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The salary for the UK tech industry is miserable, but think twice before heading to Silicon Valley

The salary for the UK tech industry is miserable, but think twice before heading to Silicon Valley

Hired published his Report annual of technological salaries , which shows that compensation in the UK lags behind the rest of the world. The average salary for a software engineer in 2016 was just £ 56,000 ($ 73,000), the third lowest of the 16 technology markets analyzed. In general, the lowest average wage was found in France, where workers receive just £ 44,000 a year in return for their efforts. Singapore followed in second place with an average salary of £ 49,000.

Meanwhile, US markets showed substantially higher salaries for software engineers, a feature attributed to the employee’s relative maturity in US technology markets. Surprisingly, the San Francisco Bay Area ranked first in terms of compensation, averaging $ 134,000 (£ 107,000) in 2016, followed by Seattle with $ 126,000 (£ 101,000). ).).

Interestingly, countries around the world saw declines in the salaries of technicians, the largest of which was Toronto, whose software engineers saw a 6.29% drop in salaries. Only two markets recorded an average salary increase of over 1%, the area of ​​San Francisco Bay and Seattle, obtaining 3.38% and 2.14% respectively.


Perhaps the most revealing finding of Hired’s analysis was the astronomically high cost of living in thriving Silicon Valley, which meant that all things considered, wages in the Bay Area, faded compared to the least expensive cities in Silicon Valley. world. For example, the average salary for a software engineer in Austin, Texas was $ 110,000 (£ 88,000), but when you consider the cost of living, it equates to a gigantic salary of $ 198,000 ($ 158,000). pounds).) In San Francisco.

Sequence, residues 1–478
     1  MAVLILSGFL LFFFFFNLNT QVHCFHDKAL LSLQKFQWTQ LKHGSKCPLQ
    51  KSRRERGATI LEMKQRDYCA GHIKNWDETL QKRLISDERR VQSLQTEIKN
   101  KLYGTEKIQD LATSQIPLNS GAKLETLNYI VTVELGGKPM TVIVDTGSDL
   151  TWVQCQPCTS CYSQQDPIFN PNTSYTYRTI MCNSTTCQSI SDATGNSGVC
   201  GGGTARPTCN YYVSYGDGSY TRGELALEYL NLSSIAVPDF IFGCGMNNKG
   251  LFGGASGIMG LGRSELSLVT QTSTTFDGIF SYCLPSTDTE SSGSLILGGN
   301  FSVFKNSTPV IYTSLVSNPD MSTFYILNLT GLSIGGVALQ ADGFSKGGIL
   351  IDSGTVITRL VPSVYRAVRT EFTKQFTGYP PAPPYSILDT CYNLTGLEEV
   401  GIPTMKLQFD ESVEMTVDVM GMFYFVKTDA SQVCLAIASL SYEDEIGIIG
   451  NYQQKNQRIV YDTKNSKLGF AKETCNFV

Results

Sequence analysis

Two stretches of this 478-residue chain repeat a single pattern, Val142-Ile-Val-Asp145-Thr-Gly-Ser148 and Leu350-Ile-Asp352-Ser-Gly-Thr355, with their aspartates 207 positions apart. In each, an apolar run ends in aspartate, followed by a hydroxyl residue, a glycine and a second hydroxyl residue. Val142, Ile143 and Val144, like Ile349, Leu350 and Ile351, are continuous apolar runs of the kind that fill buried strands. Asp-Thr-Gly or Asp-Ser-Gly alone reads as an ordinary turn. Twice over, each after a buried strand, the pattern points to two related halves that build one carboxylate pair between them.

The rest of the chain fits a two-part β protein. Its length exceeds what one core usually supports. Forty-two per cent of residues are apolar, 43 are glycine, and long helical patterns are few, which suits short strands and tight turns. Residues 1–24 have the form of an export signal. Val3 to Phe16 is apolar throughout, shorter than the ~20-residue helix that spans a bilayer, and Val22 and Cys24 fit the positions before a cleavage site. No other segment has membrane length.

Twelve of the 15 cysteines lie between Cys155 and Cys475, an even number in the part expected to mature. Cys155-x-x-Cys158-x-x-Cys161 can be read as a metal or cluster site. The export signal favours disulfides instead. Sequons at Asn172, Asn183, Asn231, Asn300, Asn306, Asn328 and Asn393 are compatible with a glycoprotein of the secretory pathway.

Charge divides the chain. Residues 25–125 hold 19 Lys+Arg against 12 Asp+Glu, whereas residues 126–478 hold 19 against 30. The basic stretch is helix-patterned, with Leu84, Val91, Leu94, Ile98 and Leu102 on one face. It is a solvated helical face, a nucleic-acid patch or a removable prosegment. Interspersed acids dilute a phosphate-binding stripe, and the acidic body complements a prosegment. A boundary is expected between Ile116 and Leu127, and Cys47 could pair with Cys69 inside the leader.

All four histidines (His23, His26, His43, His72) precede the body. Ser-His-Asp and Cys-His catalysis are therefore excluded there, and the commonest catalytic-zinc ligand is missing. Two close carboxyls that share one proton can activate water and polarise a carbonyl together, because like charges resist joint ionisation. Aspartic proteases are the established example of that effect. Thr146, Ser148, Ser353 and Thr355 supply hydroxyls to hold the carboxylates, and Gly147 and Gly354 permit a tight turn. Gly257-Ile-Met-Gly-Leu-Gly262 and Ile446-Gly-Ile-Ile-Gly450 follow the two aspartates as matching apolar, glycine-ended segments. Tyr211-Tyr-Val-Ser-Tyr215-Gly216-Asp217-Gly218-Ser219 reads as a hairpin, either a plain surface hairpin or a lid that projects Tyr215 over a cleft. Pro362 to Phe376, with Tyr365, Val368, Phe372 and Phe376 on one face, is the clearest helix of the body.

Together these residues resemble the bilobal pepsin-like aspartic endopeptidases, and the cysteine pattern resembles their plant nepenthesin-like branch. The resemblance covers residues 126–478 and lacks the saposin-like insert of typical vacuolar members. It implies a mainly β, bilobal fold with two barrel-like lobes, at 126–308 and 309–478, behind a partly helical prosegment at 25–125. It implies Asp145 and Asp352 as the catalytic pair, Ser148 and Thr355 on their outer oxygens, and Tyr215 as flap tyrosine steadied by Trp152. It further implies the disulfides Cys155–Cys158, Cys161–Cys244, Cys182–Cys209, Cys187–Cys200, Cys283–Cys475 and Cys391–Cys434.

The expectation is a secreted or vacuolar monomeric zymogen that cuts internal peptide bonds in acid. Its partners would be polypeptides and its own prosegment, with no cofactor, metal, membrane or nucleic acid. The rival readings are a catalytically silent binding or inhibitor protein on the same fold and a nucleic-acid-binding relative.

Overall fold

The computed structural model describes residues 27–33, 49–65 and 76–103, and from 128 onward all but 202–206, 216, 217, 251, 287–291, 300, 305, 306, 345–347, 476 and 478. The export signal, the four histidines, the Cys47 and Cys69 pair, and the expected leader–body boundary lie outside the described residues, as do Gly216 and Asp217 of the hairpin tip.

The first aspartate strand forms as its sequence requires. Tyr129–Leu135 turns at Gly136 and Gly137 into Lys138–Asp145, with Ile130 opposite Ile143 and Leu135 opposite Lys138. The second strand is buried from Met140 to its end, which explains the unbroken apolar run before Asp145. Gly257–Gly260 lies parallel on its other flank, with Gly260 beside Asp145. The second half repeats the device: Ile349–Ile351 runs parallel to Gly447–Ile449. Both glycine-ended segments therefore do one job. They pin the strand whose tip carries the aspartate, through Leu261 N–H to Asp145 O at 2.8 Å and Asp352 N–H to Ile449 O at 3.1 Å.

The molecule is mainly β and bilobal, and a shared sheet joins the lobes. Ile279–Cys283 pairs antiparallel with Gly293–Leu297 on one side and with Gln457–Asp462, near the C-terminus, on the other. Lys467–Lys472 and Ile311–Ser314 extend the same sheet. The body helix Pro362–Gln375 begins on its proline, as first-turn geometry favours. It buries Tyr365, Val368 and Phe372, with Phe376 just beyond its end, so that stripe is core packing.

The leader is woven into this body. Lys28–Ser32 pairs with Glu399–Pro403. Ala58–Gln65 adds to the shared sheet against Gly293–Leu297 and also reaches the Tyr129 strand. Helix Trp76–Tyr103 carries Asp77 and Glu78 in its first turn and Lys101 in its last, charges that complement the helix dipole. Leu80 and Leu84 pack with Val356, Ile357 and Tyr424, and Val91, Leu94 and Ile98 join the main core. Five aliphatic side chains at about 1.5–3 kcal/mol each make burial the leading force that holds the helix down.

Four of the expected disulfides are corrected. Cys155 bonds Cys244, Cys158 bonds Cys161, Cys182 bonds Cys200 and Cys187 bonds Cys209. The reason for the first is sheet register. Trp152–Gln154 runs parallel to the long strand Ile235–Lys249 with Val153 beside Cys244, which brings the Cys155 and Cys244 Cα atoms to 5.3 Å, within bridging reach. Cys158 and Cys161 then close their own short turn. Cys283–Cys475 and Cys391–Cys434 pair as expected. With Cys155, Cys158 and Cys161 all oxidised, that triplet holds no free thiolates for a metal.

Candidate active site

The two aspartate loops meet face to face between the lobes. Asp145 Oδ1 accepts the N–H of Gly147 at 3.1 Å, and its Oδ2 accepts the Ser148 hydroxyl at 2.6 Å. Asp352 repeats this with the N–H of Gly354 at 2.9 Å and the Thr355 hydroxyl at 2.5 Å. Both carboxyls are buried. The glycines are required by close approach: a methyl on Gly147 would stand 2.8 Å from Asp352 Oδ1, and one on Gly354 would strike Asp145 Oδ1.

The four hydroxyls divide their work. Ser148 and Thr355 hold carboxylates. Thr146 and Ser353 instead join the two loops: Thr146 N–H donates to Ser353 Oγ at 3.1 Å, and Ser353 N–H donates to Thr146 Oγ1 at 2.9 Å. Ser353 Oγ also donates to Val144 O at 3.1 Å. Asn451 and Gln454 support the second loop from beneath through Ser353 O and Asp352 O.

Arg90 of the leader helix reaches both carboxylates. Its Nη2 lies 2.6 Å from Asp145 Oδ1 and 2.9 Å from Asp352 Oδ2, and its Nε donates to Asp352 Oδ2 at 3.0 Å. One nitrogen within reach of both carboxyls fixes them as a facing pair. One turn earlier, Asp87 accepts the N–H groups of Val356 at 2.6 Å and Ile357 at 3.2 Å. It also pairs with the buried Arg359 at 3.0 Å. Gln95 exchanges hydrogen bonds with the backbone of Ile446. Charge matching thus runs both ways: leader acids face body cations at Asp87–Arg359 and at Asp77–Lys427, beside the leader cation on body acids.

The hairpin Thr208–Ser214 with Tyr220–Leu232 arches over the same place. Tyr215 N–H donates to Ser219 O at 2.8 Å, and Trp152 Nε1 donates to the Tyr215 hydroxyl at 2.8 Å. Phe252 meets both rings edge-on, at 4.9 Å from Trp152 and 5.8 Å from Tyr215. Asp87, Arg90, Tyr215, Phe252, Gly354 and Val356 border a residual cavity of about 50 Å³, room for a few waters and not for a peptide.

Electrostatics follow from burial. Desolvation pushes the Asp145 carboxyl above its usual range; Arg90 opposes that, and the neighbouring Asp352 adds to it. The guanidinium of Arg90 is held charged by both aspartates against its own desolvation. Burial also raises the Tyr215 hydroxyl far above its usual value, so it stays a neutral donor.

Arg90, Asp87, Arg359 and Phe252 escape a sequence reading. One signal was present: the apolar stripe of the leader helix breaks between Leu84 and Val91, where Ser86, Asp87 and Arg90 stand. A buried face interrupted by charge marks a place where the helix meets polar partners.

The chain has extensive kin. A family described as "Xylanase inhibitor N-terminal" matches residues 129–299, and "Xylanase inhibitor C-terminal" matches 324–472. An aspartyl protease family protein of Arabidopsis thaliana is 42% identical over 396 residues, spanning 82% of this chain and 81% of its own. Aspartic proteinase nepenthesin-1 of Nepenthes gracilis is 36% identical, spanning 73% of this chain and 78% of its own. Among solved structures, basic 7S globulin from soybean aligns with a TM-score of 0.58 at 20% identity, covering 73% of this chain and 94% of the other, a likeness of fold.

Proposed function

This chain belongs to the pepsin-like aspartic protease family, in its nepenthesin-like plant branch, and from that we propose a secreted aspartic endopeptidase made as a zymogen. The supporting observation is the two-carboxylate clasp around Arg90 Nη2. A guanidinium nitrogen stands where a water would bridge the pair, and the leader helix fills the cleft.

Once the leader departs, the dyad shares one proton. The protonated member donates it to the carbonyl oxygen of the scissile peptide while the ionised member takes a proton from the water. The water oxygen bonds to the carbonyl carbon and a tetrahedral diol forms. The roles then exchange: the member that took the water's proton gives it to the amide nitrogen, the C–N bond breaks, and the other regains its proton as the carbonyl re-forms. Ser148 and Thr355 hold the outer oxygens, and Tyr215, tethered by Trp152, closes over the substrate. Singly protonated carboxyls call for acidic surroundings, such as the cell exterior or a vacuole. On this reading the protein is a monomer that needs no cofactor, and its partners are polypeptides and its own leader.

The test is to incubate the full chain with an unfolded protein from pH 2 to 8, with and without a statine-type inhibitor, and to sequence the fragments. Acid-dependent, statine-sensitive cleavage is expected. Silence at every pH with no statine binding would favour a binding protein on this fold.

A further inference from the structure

This was a trend that Hired detected around the world; In Melbourne, for example, the average salary was apparently modest at $ 83,000 in US dollars. But the relatively low cost of living in the city meant that earning $ 83,000 in Melbourne was the same as earning $ 150,000 in San Francisco. So it looks like you can give up your dreams of Google bikes with colored blocks and Stanford sweatshirts and, let’s be honest, have some congratulations, you’ll get (monetary) rewards.


Another notable trend has been that technology companies show a desire to offer inflated salaries to non-local technology workers who have jumped and moved. It was especially true in European, Canadian and Asian markets that people who moved were offered a significantly higher average salary than people living nearby – in Toronto, offers were usually 21% higher for the first group, in London and Singapore, the increase was 28%, and in France the relocation offer was 57% higher on average than the salary offers for locals.

I guess the message here is that the growing technology markets in cosmopolitan cities around the world are absorbing the external parts that want to move. So, if you feel like spreading your wings and heading for greener pastures (figuratively, in the case of London, home to lead gray rain), then there has never been a better time to take the plunge. Maybe you just want to look at Melbourne instead of San Francisco.